“It’s Amy! I’m awake.”
Claudia Owen happened to be on Facebook at her home 1,200 miles away in Little Mountain, S.C. when the message from her daughter-in law popped up. Owen breaks into tears thinking about the conversation that followed.
“It said she was leaving,” Owen said. “She said she had the four children. I didn’t know how many children she had – now I had four grandchildren.”
Owen said the first thing Amy Hawkins asked to do when she arrived in South Carolina was to enroll the children in school, which they did.
Ten-year-old Rachabyah, the extrovert of the family with streaks of color in her hair and a quick smile, returned from school that first day and told her family her mouth hurt from smiling the entire day.
When asked if she was glad they left Texas, 14-year-old Shalana nodded fervently.
Owen, who saw her son for the first time in 13 years in court on Wednesday, said she is helping her daughter-in-law and her grandchildren because her son, Micahyah, is not the same person she once knew.
“He’s not the same man which is very sad,” she said. “Because he’s just not there.”
Living at the House of Yahweh
Amy Hawkins said she was 22 years old with a sixth grade education when she started dating Michael, a boy she grew up with in Massachusetts
With a trace of a Boston accent, the now-39-year-old mother sat on her mother-in-law’s couch last month and told the story about how they moved to a two-bedroom trailer on the 50-acre House of Yahweh compound in West Texas in 2001, when their oldest son was just a baby.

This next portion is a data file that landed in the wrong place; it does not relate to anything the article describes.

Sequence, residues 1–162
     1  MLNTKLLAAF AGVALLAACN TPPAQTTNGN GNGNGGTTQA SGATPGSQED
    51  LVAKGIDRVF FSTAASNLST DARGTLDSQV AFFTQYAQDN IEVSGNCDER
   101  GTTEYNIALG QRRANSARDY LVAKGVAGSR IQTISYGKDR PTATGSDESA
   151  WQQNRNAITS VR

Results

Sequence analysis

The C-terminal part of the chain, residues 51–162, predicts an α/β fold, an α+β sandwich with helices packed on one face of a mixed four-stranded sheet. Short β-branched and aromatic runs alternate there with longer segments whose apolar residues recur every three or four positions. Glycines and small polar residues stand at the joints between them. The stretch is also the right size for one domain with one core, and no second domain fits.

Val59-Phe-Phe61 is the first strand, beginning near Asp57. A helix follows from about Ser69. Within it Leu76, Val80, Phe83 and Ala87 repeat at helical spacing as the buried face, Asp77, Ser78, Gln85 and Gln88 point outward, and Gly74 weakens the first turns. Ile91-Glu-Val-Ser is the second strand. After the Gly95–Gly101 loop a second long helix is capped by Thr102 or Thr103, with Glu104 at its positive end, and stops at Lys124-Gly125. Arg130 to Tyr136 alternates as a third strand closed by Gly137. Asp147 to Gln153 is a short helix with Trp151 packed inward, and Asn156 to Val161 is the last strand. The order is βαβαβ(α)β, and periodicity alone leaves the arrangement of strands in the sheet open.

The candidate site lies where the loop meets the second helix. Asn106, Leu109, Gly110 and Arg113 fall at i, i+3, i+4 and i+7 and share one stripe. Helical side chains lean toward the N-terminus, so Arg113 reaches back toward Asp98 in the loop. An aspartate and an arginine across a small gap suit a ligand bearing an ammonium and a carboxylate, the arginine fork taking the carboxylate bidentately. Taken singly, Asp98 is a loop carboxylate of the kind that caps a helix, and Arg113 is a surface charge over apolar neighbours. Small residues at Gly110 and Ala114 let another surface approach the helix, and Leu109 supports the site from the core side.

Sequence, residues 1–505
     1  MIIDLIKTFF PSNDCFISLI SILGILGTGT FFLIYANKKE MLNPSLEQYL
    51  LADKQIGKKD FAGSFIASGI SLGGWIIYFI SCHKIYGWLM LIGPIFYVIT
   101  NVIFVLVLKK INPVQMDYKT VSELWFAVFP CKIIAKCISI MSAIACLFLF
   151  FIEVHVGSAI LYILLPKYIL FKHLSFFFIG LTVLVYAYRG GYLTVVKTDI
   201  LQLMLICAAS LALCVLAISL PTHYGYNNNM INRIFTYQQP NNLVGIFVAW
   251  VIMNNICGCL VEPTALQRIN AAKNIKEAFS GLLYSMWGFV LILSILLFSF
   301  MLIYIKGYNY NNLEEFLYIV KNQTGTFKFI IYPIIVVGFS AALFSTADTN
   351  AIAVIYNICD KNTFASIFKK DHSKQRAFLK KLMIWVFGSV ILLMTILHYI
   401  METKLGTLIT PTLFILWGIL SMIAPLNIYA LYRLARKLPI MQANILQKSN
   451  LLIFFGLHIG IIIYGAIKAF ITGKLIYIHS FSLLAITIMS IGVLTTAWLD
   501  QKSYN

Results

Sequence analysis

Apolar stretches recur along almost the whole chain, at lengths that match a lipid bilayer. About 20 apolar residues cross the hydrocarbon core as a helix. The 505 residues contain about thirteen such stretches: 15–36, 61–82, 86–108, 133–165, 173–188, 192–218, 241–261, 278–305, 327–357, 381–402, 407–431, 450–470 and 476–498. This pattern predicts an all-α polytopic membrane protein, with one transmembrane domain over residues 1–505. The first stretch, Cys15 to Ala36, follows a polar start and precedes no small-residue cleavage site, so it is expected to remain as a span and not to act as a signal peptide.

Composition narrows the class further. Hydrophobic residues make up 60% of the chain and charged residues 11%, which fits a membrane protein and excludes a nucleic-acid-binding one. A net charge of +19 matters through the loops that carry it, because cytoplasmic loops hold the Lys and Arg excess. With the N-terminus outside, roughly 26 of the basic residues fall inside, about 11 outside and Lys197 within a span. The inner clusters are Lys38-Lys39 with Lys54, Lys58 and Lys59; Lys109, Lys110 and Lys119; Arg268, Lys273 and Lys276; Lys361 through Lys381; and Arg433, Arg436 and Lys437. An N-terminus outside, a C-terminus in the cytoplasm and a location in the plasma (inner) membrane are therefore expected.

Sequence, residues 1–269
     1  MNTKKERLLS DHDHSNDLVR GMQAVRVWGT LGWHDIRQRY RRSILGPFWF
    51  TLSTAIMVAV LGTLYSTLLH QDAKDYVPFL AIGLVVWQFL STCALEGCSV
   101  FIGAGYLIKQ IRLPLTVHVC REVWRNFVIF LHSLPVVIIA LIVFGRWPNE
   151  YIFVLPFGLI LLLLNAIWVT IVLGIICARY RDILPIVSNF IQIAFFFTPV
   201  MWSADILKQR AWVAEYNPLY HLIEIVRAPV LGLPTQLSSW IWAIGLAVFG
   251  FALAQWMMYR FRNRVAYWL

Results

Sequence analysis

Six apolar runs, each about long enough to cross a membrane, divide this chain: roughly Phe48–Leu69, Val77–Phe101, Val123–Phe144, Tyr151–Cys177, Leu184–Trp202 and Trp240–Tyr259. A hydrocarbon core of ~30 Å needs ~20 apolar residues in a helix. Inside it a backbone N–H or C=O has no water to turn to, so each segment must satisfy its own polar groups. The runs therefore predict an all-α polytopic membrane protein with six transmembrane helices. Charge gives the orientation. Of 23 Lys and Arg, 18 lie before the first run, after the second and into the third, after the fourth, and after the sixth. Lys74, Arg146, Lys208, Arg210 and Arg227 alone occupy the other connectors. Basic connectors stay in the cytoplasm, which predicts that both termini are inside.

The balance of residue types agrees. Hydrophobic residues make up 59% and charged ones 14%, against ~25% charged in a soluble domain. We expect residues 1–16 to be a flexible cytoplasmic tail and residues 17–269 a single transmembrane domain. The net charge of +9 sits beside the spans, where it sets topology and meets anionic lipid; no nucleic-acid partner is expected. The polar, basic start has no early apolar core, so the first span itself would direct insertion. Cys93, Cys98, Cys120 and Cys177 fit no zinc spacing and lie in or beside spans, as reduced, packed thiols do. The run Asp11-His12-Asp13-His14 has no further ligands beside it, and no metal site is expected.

The elders of the house named their son Shemuyl, Michael took on the name Micahyah and they all took on the last name Hawkins, a requirement of all House of Yahweh members, Amy Hawkins said.
“We went to the House of Yahweh. We went to serve our heavenly father. My husband had said this is the place. This is where the truth is. It's not like any other religion,” Hawkins said. “It was great at first. Everything was brand new. It's a new place. You believe it's the place.”
But Hawkins said the rules became stricter and that new rules were coming down all the time. She said she and the children were routinely oppressed and repressed.
She said her husband wouldn’t let the children go to school.
“It got to the point where I couldn’t teach them anymore,” she said on the stand Wednesday. “I only have a sixth-grade education myself.”
An attorney for Micahyah Hawkins told ABC News 4 before the hearing that it was he, not his wife, who wanted the children to have a formal education.
"My client has been trying to get them into school for some time now," Attorney Kristin Postell said, noting that her client is a programmer for an insurance company. "His wife would not let them. He thinks education got him where he is today and he would like them to have a formal education."
Postell said Amy Hawkins is exaggerating how much time the couple's son worked and other details in hopes of raising money to pay for a divorce. She equated the son's work at the slaughterhouse to an internship.
“He’s supposed to learn the business because his mom, who is supposed to be homeschooling him, hasn’t taught him anything,” Postell said.
Amy Hawkins said the only time they were able to socialize with anyone else was during their annual feast, a time when everyone was expected to wear colorful, expensive clothes purchased at the compound.
Hawkins said that was hardly a treat because they didn’t know many of the other people.